Strengthening local skills
More than 200,000 people were killed and 300,000 injured in the violent earthquake that hit Haiti on 12 January 2010. According to Handicap International, in 2010, between 2,000 and 4,000 people need orthopaedic-fitting. Needs are great and make an already difficult situation worse. 15% of the Haitian population has a disability - around 1.5 million people. The country only has 13 physiotherapists and most live abroad. In order to fill the local rehabiliation skills gap, in 2012, Handicap International launched the first course for rehabilitation technicians.
“Organised in Port-au-Prince, there are two courses: one for rehabilitation technicians (18 months) and one for orthoprosthetic technicians (two and a half years). Students learnt how to design and repair prostheses or to assist a physiotherapist, among other skills. They also got practical work experience in hospital and rehabilitation units, supported by a tutor, to expose them to the realities of the profession and to help them learn how to deal with them,” explains Albert-Philippe Burger D’Haem, director of Handicap International in Haiti.
Official recognition for the profession
Seventy-two students were presented with their diploma during the awards ceremony on Thursday 27 August . More than 200 people attended the event, including representatives of the Haiti Ministry for Public Health and Population, the United States Agency for International Development (USAID) and the Agence Française de Développement (AFD), families of students and members of the press.
“For many of them, this was the first time an event had been organised in their honour. This training course is a springboard to the professional. Of the 22 orthoprosthetic technicians who have recently been awarded their diploma, 10 have already found work. Two technicians have been employed in a hospital by MSF France, in the Cité Soleil. During the event, they took their professional oath by singing a gospel song. You could see the pride on their faces, and those of their parents. It was really moving,” added Albert-Philippe Burger D’Haem.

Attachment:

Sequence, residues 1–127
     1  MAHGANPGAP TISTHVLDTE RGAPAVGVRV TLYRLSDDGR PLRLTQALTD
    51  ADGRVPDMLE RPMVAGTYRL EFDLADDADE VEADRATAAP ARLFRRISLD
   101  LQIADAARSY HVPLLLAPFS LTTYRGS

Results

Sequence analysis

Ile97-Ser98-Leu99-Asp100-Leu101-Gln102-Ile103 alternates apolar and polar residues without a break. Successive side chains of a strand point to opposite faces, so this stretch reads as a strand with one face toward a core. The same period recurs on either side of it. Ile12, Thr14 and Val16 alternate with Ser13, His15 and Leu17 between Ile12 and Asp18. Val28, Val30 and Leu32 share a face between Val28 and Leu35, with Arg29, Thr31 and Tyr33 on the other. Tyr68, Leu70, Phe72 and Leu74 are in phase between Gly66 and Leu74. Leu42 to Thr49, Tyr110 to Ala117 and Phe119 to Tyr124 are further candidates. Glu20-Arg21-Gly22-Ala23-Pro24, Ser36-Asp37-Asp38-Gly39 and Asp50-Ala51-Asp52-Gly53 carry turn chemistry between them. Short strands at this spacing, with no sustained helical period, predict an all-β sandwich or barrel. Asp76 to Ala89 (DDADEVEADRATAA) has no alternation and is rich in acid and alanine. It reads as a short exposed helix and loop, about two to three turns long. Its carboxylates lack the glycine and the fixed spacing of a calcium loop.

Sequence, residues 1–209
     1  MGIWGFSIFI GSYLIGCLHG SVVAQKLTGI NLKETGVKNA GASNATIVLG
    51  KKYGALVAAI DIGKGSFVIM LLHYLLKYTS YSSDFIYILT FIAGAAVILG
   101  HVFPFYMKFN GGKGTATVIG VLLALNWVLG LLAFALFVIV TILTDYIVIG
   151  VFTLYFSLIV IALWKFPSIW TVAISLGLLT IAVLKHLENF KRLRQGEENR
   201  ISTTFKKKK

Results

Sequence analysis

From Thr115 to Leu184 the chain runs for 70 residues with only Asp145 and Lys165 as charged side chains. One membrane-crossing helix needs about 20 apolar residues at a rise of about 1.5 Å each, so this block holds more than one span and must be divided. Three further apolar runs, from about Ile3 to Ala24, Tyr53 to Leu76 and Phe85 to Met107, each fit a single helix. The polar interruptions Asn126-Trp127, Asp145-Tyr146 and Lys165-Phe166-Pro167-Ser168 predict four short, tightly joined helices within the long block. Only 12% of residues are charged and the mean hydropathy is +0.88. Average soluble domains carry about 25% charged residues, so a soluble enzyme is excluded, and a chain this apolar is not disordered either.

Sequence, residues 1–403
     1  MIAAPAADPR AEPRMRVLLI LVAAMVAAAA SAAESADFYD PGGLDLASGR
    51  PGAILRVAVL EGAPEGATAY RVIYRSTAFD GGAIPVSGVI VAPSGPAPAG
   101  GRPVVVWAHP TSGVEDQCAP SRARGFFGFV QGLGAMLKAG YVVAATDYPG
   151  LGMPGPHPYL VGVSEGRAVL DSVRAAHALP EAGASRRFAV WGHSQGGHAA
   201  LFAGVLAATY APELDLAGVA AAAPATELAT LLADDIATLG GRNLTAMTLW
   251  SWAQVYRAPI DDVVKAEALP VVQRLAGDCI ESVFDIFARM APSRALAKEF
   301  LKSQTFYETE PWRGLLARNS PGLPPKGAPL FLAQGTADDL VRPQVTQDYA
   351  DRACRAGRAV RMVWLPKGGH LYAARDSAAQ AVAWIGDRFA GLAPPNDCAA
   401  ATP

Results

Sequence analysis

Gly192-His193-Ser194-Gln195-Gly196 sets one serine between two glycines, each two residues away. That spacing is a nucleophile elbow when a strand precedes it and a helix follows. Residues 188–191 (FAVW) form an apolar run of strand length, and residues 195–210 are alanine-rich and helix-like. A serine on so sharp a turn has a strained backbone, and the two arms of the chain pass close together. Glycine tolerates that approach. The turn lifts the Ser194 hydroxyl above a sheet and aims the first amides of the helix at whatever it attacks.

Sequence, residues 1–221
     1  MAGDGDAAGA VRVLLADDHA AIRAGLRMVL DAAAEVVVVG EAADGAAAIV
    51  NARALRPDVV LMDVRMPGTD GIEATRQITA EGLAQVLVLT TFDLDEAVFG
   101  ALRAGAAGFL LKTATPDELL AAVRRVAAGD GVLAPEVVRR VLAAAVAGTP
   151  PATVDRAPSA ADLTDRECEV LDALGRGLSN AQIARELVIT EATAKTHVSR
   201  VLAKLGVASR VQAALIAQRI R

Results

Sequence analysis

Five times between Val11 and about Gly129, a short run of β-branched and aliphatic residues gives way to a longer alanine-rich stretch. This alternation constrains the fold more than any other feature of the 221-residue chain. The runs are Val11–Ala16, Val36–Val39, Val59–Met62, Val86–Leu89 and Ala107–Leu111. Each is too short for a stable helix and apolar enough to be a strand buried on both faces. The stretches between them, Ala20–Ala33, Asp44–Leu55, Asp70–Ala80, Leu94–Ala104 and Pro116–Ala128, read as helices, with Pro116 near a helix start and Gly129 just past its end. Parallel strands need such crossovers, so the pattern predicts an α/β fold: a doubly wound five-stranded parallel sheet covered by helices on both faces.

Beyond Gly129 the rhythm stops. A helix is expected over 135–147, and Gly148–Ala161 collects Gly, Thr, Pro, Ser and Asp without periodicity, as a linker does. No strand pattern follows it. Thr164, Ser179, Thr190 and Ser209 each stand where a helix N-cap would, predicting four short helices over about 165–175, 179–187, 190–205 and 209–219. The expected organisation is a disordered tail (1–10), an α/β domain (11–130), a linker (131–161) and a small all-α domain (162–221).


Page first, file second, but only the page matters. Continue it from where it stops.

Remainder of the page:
According to Albert-Philippe Burger D’Haem, there is still much to be done.
“Although the course is over, we’re still moving towards our goal. We want to strengthen skills in the rehabilitation sector in Haiti, over the long-term, in conjunction with the government.” To achieve this, Handicap International has been providing support to six hospitals and three rehabilitation centres since January 2014. Since August 2015, the organisation has also been strengthening the skills of untrained rehabilitation technicians already working in the profession. Discussion forums and e-learning courses have been set up to harmonise professional skills in the field. Lastly, the organisation is working closely with the Ministry for Health and Population to ensure the profession benefits from real recognition and to validate training courses. “It’s a good start. But we’re only halfway there,” says Albert-Philippe Burger D’Haem.
The graduates at their graduation ceremony on 27th August 2015. Their diplomas will enable the graduates to work with patients across the country.
© Handicap International